It is much publicised that the UK is sailing its course towards a new revolution in the form of Industry 4.0.
For those of you who are not aware, Industry 4.0 is the name for the current trend of automation and data exchange in manufacturing technologies. It includes cyber-physical systems, the Internet of Things, cloud computing and cognitive computing.
Industry 4.0 creates what has been called a "smart factory", where digital information will lead to a new dawn of efficiency savings and productivity boosts within businesses. Technological cyber advancements will enable new practices to be designed that will further develop mass production techniques and streamline processes.
As much as the word Industry 4.0 is bantered around the industry, it is still hugely unclear what the impact will be for the UK’s manufacturing workforce.
An organisation called Made Smarter, has commissioned a report on Industrial 4.0 reporting that the UK’s manufacturing sector could benefit by as much as £455billion if, over the next decade, it can unlock the benefits of the fourth industrial revolution, by deploying robotics, 3D printing and artificial intelligence.
According to the report, the Government and Industry could put Britain at the forefront of these new technologies, giving the economy a much needed productivity boost and a potential net gain of 175,000 highly skilled, better paid jobs.
However, Industry 4.0 comes with a cost, as the review also recommends that up to 1m industrial workers will need to be upskilled to enable digital technologies to be deployed, and successfully exploited through a digitalisation skills strategy. It is therefore clear that, although Industry 4.0 is predicted to have long-term benefits, there is going to be short term pain.
It is much publicised that skill shortages exist within the market place and there is also concerns that Industry 4.0 will create a displacement of jobs through digitalisation. The CBI warns that 35% of jobs may be displaced by automation and artificial intelligence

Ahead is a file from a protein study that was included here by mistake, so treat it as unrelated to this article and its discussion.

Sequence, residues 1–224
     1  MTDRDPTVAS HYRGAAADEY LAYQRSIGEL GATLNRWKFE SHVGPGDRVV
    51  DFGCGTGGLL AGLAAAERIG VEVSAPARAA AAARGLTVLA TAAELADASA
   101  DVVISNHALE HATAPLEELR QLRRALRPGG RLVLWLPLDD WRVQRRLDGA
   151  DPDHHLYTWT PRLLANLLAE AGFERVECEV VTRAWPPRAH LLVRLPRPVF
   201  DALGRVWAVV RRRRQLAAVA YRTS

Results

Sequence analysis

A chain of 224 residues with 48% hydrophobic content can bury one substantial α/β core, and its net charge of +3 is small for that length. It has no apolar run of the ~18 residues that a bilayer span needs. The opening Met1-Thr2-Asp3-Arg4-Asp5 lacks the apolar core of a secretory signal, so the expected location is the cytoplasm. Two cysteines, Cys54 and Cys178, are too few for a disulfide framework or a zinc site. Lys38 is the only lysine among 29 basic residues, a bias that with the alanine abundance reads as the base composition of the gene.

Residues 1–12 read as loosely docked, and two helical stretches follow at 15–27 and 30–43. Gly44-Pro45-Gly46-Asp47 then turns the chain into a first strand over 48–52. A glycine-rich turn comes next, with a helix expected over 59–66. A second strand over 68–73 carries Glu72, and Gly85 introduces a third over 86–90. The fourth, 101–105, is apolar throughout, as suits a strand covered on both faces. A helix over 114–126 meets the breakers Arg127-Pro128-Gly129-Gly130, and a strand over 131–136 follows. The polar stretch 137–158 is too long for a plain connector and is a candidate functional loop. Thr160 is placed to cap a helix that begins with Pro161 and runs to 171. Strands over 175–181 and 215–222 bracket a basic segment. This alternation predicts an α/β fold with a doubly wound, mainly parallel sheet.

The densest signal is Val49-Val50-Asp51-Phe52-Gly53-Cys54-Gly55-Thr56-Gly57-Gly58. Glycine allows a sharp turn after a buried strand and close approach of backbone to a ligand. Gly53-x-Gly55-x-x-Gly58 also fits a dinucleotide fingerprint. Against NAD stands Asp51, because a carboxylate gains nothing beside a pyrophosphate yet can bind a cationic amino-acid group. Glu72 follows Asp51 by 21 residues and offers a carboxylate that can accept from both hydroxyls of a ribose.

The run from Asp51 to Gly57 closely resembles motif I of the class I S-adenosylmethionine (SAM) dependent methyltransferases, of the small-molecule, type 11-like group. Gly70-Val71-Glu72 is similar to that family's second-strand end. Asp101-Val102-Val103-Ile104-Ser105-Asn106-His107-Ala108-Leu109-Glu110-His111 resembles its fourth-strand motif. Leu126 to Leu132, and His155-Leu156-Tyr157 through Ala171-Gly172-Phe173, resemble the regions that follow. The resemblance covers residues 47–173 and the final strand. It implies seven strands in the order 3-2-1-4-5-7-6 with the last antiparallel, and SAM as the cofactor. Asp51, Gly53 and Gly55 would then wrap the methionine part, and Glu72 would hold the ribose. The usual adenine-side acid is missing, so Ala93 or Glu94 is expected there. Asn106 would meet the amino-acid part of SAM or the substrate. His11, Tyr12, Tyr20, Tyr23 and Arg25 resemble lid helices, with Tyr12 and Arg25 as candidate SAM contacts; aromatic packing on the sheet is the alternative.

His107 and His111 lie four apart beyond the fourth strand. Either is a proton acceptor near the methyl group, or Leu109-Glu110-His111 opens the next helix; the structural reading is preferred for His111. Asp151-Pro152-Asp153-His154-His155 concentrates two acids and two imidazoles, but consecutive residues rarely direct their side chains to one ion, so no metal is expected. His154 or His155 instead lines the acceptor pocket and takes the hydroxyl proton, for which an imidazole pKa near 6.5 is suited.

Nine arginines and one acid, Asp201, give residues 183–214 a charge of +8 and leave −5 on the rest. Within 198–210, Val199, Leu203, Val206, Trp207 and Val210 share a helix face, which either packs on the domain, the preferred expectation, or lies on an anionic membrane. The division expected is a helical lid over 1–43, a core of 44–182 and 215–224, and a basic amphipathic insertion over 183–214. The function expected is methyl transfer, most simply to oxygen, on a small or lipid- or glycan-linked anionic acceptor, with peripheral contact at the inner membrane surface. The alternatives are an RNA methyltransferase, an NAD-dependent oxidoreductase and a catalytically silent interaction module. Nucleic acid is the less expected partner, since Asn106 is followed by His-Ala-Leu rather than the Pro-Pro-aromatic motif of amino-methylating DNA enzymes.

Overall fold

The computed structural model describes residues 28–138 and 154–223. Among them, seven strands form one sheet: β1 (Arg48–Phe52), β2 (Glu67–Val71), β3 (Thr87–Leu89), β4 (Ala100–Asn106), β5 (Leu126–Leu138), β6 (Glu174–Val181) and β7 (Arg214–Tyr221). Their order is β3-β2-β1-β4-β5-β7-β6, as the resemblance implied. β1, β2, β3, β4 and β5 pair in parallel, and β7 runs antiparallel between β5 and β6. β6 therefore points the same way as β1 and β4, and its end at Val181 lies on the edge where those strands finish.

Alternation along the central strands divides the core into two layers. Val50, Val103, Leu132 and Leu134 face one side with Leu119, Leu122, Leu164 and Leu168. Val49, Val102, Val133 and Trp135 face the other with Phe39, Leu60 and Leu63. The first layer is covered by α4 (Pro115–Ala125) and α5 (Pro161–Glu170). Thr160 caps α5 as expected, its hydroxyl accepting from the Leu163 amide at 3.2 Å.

In all honesty, I believe it is too early to predict the outcome of Industry 4.0, within the mainstream media there appears to be conflicting arguments both offering pro’s and con’s. What is clear, however, is that Brexit is creating a wave of uncertainty as organisations are threading carefully to see what impact the UK’s withdrawal from Europe has before ultimately pushing forward. Regardless of the cautious approach, Industry 4.0 is coming, it is on the horizon and it is charting its course to the UK.
I personally have faith that if jobs are displaced, new ones will undoubtedly take their place, although I do concede that the UK requires a new strategic approach to retraining. On a personal note, I believe Industry 4.0 will create opportunities for me as a recruiter and act to safeguard my own career as I will continue to recruit the skills organisations require to realise their ambitions.
The course ahead will unquestionably be hard, this can be said without hesitation, and the pressures I face today in my profession will continue to be exasperated due to the skills shortage.
Therefore, at this stage the only conclusion I can draw is that the UK government and businesses need to keep pressing ahead with apprenticeships, education, training and development so that we can be at the forefront of the digital age. When the full dawn of the new age comes, the UK needs to be positioned on the crest of the wave.More blog posts
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